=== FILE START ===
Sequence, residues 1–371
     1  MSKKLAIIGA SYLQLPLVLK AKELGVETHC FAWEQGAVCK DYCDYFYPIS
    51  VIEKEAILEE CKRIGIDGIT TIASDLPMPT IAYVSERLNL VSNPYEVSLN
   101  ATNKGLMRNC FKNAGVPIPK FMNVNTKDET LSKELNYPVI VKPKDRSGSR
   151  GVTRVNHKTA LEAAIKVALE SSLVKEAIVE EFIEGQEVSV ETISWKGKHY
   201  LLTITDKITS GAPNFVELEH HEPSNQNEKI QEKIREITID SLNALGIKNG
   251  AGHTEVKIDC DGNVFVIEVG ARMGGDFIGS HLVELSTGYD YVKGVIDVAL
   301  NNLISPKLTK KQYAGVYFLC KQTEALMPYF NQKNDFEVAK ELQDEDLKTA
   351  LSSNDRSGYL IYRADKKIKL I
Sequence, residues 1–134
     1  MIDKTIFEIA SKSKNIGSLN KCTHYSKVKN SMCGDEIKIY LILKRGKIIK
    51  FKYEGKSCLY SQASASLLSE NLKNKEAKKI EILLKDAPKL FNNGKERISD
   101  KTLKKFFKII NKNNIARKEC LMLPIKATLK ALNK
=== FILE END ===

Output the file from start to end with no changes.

Sequence, residues 1–371
     1  MSKKLAIIGA SYLQLPLVLK AKELGVETHC FAWEQGAVCK DYCDYFYPIS
    51  VIEKEAILEE CKRIGIDGIT TIASDLPMPT IAYVSERLNL VSNPYEVSLN
   101  ATNKGLMRNC FKNAGVPIPK FMNVNTKDET LSKELNYPVI VKPKDRSGSR
   151  GVTRVNHKTA LEAAIKVALE SSLVKEAIVE EFIEGQEVSV ETISWKGKHY
   201  LLTITDKITS GAPNFVELEH HEPSNQNEKI QEKIREITID SLNALGIKNG
   251  AGHTEVKIDC DGNVFVIEVG ARMGGDFIGS HLVELSTGYD YVKGVIDVAL
   301  NNLISPKLTK KQYAGVYFLC KQTEALMPYF NQKNDFEVAK ELQDEDLKTA
   351  LSSNDRSGYL IYRADKKIKL I
Sequence, residues 1–134
     1  MIDKTIFEIA SKSKNIGSLN KCTHYSKVKN SMCGDEIKIY LILKRGKIIK
    51  FKYEGKSCLY SQASASLLSE NLKNKEAKKI EILLKDAPKL FNNGKERISD
   101  KTLKKFFKII NKNNIARKEC LMLPIKATLK ALNK